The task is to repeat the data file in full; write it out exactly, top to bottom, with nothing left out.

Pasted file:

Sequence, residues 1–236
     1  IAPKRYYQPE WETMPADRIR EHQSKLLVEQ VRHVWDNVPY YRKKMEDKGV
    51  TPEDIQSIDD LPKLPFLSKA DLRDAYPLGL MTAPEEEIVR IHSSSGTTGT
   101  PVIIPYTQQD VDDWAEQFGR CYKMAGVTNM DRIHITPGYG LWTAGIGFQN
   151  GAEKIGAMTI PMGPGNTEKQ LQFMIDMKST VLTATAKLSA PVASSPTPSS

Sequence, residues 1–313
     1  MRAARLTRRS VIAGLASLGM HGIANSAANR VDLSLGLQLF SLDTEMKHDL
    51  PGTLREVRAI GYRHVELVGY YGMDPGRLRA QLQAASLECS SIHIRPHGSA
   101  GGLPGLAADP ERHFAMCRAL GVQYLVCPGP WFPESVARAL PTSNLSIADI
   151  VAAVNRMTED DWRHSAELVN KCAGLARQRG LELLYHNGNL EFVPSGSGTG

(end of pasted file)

Sequence, residues 1–236
     1  IAPKRYYQPE WETMPADRIR EHQSKLLVEQ VRHVWDNVPY YRKKMEDKGV
    51  TPEDIQSIDD LPKLPFLSKA DLRDAYPLGL MTAPEEEIVR IHSSSGTTGT
   101  PVIIPYTQQD VDDWAEQFGR CYKMAGVTNM DRIHITPGYG LWTAGIGFQN
   151  GAEKIGAMTI PMGPGNTEKQ LQFMIDMKST VLTATAKLSA PVASSPTPSS

Sequence, residues 1–313
     1  MRAARLTRRS VIAGLASLGM HGIANSAANR VDLSLGLQLF SLDTEMKHDL
    51  PGTLREVRAI GYRHVELVGY YGMDPGRLRA QLQAASLECS SIHIRPHGSA
   101  GGLPGLAADP ERHFAMCRAL GVQYLVCPGP WFPESVARAL PTSNLSIADI
   151  VAAVNRMTED DWRHSAELVN KCAGLARQRG LELLYHNGNL EFVPSGSGTG